A 25-year-old federal drug discount program has grown so big and controversial that it faces a fight for survival as federal officials and lawmakers furiously debate the program's reach.
The program, known as 340B, requires pharmaceutical companies to give steep discounts to hospitals and clinics that serve high volumes of low-income patients.
The Centers for Medicare & Medicaid Services struck a blow to the program this month announcing a final rule to cut Medicare payments for hospitals enrolled in the program by 28 percent, or about $1.6 billion. The American Hospital Association, the Association of American Medical Colleges, America's Essential Hospitals and others filed suit on Nov. 13, arguing that the agency lacks the authority to slash the payments and that the rule undermines the intent Congress had when creating the program.
Several federal reports in recent years from the Medicare advisory board, as well as the Government Accountability Office and the Office of Inspector General, have evaluated 340B's explosive growth. About 40 percent of the hospitals in the U.S. now buy drugs through the program, according to the 2015 GAO report.
Richard Sorian, of the hospital lobbying group 340B Health, said that for some small, rural hospitals the funding cut "could actually be the difference between staying open and closing."
Northeast Ohio's largest safety-net hospital, MetroHealth System in Cleveland, said it would see an $8 million cut in Medicare reimbursements.
In trying to explain the importance of that funding, Dr. Benjamin Li, a MetroHealth cancer surgeon, said that if the 340B program were to disappear "some of our cancer patients will not be able to have lifesaving care."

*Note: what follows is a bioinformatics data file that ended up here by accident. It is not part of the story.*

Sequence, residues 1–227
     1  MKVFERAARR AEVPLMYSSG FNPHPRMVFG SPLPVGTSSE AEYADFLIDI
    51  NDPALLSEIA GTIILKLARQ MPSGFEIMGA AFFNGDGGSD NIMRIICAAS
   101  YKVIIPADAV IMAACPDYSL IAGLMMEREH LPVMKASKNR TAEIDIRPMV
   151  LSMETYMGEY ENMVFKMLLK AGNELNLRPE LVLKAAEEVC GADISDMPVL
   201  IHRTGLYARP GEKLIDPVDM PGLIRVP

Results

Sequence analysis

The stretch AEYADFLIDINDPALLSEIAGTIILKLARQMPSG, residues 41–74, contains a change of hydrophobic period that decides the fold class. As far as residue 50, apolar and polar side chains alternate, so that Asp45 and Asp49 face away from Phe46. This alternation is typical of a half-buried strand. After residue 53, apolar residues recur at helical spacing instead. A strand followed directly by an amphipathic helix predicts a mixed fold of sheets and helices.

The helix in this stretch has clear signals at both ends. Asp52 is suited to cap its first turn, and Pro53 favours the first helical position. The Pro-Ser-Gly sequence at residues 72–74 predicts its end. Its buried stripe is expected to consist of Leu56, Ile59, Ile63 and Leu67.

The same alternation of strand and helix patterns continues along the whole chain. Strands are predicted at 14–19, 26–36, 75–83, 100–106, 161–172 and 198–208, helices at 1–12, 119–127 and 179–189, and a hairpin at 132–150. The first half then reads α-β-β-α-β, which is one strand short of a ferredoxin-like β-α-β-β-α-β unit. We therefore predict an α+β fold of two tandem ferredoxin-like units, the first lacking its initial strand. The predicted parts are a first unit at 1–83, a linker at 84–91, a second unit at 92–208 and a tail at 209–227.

In contrast, those supporting the cut, including drugmakers, argue that the program has grown beyond its original intent because hospitals have pocketed the discounts to pad profits -- not to help indigent patients.
Stephen Ubl, president of the drug industry group PhRMA, said the program "needs fundamental reform" and that the latest rule change is merely a good first step. His group, which has deep pockets and an advertising campaign geared at pinpointing the program's flaws, has a list of changes that Congress and the Trump administration could tackle. Those include limiting which hospitals should be eligible for 340B price breaks and making sure needy patients benefit when hospitals buy discounted drugs.
The day after the hospital groups filed suit, Joe Grogan, director of health programs at the White House's Office of Management and Budget, called 340B "really screwed up," according to Politico, and said the Trump administration isn't afraid to take on the program. "We are not wimps." Grogan led a White House task force last summer that proposed scaling back the program.
The hospitals -- often the biggest employers in a congressional district -- are ready for a fight. The American Hospital Association launched an advertising campaign. And hundreds of members of Congress signed a letter defending the program. On Nov. 14, two House lawmakers introduced a bill that would prevent CMS from implementing the proposed rule.